Maharishi Mahesh Yogi

Maharishi Mahesh Yogi was a spiritual leader known for developing the Transcendental Meditation technique and spreading it all over the world. He became famous for being the spiritual guru to the Beatles.

Who Was Maharishi Mahesh Yogi?

Born around 1917, Maharishi Mahesh Yogi was famous for developing the Transcendental Meditation technique and making it available to the world. He legitimized the practice of meditation as a viable health treatment, elevating it from a practice of mystics to a scientifically supported health program. Starting in the late 1960s his fame soared to international heights when he became spiritual guru to the Beatles, as well as many other celebrities.

Maharishi and the Beatles

The tabloid headlines seemed to be circling in alternative universes. The Beatles, a British rock band spearheading the counter-culture revolution of the 1960s, was said to be studying with the Maharishi Mahesh Yogi, an Indian guru spreading an ethereal philosophy of love and peace. Members of the band heard the Maharishi speak during his tour of London, in 1967. The band members were experiencing a transformation in their music, their career and their lives. In their own individual ways, they were looking for answers to life’s bigger questions. Answers they weren’t getting from their fame, money, or drugs. Fascinated by the Maharishi’s presentation, the Beatles and an entourage of other celebrities including Donovan Leitch, Mike Love of the Beach Boys, and actress Mia Farrow and her sister Prudence, traveled to the Maharishi’s spiritual center in Rishikesh, India, in February 1968. The experience is said to have pulled the Beatles out of a musical rut and inspired their next groundbreaking album, The Beatles (also known as the White Album).

The visit was cut short with many of the Beatles leaving the center for different reasons. Ringo Starr left after a few days, experiencing indigestion from the spicy Indian food. John Lennon and Paul McCartney left after three weeks, disillusioned with the Maharishi over allegations he had displayed prurient interest in one of the female guests and a feeling that the Yogi was more focused on seeking their investment in his organization. George Harrison remained at the center for several weeks before returning to England. Years later, the allegations against the Maharishi were proven false and the Beatles apologized. The Maharishi graciously accepted their apology.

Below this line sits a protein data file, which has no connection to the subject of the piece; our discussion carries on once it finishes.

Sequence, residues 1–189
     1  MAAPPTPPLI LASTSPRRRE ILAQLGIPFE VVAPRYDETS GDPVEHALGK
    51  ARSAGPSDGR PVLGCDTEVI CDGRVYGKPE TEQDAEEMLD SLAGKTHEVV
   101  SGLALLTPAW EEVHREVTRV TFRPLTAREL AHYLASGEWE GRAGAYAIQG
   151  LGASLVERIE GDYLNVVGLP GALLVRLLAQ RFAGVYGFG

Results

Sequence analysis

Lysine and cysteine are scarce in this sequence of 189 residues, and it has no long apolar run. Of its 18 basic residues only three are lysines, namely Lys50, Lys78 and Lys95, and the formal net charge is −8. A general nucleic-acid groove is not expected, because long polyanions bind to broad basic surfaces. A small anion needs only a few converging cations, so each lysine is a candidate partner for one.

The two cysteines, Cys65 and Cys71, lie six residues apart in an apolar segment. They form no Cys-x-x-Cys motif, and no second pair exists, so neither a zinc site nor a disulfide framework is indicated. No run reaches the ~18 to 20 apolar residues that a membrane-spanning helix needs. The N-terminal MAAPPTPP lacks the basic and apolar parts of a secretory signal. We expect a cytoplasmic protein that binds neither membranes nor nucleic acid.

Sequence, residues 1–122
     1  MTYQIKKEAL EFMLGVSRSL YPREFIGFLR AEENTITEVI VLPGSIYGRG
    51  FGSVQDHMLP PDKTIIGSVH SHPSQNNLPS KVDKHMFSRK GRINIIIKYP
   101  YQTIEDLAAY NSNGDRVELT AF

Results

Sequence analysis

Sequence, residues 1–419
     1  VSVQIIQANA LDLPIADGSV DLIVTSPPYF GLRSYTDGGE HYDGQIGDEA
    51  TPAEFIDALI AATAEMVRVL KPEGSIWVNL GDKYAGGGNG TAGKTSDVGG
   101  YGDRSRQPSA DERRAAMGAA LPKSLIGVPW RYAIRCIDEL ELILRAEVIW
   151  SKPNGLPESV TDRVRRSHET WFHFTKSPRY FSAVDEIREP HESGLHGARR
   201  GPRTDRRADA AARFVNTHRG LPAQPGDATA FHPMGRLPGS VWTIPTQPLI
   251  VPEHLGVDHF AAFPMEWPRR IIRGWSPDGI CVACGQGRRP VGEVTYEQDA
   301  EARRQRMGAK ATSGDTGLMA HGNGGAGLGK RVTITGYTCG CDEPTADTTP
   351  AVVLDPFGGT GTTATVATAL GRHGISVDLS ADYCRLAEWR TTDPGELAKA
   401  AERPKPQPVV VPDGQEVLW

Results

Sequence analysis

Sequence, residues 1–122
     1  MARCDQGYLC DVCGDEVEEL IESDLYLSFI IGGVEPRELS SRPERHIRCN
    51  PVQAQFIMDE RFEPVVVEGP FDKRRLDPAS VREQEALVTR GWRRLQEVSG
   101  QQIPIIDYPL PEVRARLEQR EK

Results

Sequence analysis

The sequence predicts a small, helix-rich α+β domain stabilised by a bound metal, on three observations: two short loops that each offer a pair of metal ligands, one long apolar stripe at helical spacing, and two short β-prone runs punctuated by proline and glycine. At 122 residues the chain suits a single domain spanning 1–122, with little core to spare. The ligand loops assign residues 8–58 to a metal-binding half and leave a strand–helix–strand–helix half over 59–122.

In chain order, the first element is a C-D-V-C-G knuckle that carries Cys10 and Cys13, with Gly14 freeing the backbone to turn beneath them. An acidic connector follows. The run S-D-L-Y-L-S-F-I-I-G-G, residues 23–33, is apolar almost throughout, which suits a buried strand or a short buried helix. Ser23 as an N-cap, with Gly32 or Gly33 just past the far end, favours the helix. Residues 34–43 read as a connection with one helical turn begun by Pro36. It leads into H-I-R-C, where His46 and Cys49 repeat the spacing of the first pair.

The Beatles relationship with the Maharishi brought on a surge of interest from many other celebrities seeking enlightenment including Mick Jagger of the Rolling Stones, actor Clint Eastwood, comedian Andy Kaufman, director David Lynch, and magician Doug Henning.

Maharishi and Transcendental Meditation

The Maharishi’s teachings gave the western world a simple technique in Transcendental Meditation (TM). Conducted twice a day in short 20 minute sessions, practitioners recite a special mantra (sacred sound or phrase) during their meditation. The process reduces distracting mental activity resulting in a higher state of consciousness. The goal is to attain deep relaxation, eliminate stress, promote clear thinking, and attain inner fulfillment and good health.

The TM-Sidhi program, which the Maharishi developed in the mid-1970s, emphasized the accumulated benefits of groups of people meditating at the same time. Dubbed the “Maharishi Effect,” the program claimed to create a collective consciousness that would suppress some of society’s major problems of crime, violence, and accidents.

As the development of TM progressed, the Maharishi adopted the ancient Vedic Texts, teachings he learned from his master, Brahmananda Saraswati, to form a program called Maharishi Vedic Science (MVS). MVS includes the training techniques of TM and TM-Sidhi integrating their techniques into everyday life. The teachings were applied to areas of health, mathematics, engineering, classical forms of Indian music, and methods for producing fresh, organic food.